I sat down on the couch and my seven-year-old, Sarah, plopped down next to me. She was writing a story about a girl and her mother and wanted me to check her spelling and (more importantly) admire her story.
It was lacking in punctuation and capitalization but the spelling was surprisingly good and showed me that Sarah's perspective of her relationship with me is one of always doing fun stuff together.
She also sat wedged tightly against my side, even though she is my most independent, touch-me-not child. I was careful not to crowd her more than she had volunteered. I started to read her story but she pulled it away, wanting to read it aloud instead.
There was a little girl. that little girl lived in a little house. she was very nice. She had a mom. Her and her mom would Go outside and Pick flowers. They would Make bouquets and they would have fun with the flowers They would Make crowns and they would Make bracelets and then They would go inside and they would Make eggs.
I was shocked to discover that the above text was only two pages out of twenty-six! The little girl who could not read at all one year earlier was now a prolific writer. When had that happened?
The story was full of the things we do. I recognized the words she had asked me to spell aloud for her over the last three days. She had used them repeatedly, obviously exercising her memory. She showed me that the back of her notebook had the alphabet written in both uppercase and lowercase letters and that she had used it to know how to write every letter correctly.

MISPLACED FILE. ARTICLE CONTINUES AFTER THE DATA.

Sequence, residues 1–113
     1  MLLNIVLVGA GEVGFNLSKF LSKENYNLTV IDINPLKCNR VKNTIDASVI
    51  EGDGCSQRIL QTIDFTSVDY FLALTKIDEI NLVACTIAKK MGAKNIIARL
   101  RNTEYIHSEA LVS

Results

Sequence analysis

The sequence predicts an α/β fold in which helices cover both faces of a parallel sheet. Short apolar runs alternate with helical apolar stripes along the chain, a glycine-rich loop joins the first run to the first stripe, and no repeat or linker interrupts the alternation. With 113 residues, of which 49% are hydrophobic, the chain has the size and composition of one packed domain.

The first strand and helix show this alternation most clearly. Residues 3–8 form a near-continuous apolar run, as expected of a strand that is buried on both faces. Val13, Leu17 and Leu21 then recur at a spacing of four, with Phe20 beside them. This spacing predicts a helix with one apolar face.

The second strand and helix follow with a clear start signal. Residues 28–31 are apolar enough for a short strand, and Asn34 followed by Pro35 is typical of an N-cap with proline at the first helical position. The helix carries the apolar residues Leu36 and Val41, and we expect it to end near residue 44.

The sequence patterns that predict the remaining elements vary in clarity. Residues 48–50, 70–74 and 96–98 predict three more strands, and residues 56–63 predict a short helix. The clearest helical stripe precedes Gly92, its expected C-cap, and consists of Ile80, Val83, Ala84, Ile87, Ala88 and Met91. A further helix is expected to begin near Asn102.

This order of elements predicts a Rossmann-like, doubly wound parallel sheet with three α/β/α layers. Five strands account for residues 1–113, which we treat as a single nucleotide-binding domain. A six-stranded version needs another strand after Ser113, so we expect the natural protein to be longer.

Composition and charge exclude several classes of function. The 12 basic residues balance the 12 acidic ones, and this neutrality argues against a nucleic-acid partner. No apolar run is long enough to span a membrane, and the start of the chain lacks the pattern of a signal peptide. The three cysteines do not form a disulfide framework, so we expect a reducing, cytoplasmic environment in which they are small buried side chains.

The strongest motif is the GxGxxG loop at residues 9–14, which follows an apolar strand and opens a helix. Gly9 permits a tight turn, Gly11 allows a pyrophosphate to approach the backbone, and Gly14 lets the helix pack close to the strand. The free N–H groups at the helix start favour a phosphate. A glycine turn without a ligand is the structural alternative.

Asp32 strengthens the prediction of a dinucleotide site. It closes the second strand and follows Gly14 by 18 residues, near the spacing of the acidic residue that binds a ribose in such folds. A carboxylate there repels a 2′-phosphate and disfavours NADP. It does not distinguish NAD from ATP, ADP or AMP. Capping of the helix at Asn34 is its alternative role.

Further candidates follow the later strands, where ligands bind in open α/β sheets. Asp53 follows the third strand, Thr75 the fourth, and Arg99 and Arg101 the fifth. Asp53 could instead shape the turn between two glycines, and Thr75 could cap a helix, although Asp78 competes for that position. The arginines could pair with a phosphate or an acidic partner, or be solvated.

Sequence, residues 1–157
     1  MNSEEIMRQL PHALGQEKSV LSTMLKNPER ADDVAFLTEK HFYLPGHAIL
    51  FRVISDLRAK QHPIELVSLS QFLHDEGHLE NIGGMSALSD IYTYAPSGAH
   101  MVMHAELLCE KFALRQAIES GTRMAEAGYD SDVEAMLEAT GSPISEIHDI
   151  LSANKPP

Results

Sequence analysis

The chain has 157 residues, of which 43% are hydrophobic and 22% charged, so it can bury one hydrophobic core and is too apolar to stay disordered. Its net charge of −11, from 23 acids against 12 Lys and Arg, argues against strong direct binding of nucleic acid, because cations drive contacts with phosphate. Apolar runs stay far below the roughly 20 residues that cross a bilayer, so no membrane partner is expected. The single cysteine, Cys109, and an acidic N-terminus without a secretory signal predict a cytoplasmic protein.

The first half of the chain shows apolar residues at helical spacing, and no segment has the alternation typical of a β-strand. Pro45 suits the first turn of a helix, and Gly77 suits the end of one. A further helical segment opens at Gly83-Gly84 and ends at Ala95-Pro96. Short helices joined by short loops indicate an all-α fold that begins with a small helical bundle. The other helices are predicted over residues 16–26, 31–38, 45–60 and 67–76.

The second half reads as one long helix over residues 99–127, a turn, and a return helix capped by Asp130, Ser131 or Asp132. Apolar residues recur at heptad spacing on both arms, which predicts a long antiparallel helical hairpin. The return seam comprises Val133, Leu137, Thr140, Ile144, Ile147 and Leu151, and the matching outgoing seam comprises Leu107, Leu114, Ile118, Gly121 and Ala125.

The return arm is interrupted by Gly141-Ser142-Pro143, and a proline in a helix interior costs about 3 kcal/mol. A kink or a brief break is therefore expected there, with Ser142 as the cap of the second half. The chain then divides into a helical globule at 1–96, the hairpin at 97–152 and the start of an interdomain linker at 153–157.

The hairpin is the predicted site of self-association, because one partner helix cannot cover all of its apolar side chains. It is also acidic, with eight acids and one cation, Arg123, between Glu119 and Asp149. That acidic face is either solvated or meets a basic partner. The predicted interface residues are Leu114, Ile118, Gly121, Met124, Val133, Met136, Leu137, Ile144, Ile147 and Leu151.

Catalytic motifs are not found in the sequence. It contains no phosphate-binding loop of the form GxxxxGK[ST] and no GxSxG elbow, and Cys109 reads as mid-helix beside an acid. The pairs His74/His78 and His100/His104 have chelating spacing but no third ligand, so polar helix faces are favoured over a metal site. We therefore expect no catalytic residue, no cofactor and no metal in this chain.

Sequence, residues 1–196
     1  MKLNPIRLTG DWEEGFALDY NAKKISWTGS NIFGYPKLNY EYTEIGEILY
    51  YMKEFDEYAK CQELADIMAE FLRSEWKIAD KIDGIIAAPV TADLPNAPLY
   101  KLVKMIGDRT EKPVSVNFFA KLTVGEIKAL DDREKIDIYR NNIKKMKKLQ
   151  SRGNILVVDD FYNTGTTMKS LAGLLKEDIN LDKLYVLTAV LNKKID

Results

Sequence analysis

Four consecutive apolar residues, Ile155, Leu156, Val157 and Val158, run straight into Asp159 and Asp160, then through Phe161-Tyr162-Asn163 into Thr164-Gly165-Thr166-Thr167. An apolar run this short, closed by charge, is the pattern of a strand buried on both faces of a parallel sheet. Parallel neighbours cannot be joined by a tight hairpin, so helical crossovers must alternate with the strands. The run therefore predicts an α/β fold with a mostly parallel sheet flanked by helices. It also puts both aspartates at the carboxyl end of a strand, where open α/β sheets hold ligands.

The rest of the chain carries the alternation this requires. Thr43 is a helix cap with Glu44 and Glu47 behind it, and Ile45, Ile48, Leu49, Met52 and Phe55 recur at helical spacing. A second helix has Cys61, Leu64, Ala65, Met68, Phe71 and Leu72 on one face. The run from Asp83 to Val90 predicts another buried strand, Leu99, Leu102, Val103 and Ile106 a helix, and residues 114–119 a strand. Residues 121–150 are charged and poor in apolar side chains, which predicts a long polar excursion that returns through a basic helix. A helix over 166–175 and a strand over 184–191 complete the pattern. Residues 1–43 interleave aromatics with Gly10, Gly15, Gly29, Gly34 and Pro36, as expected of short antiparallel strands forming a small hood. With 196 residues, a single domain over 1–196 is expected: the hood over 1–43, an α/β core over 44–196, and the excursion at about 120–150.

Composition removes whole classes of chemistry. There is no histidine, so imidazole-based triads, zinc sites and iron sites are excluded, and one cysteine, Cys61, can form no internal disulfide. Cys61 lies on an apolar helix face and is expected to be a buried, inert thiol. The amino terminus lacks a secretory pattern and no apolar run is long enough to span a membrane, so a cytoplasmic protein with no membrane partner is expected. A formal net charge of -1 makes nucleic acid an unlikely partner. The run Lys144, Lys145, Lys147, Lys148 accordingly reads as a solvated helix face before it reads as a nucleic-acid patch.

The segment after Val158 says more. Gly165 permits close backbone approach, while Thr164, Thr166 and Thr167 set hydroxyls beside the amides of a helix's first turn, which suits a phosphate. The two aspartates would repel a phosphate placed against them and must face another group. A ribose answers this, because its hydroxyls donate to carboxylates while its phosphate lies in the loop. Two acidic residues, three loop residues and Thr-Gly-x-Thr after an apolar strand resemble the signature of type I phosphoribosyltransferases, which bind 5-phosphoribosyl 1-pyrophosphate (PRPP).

I felt a twinge of jealousy that I hadn't been the one to teach her how to write. She had taught herself. Then I shook off my moment of insanity and marveled at my self-taught daughter again. I realized that she had discovered she could find the information she needed and learn it with her own eyes and ears.
“Sarah. You are amazing. I can't believe you did all this by yourself in three days. I thought you were just working on a little story with a lot of pictures. I had no idea you were writing a book… this is just amazing!”
Sarah smiled and hugged me. Her ears were open to hear anything and everything I had to say about punctuation and capitalization.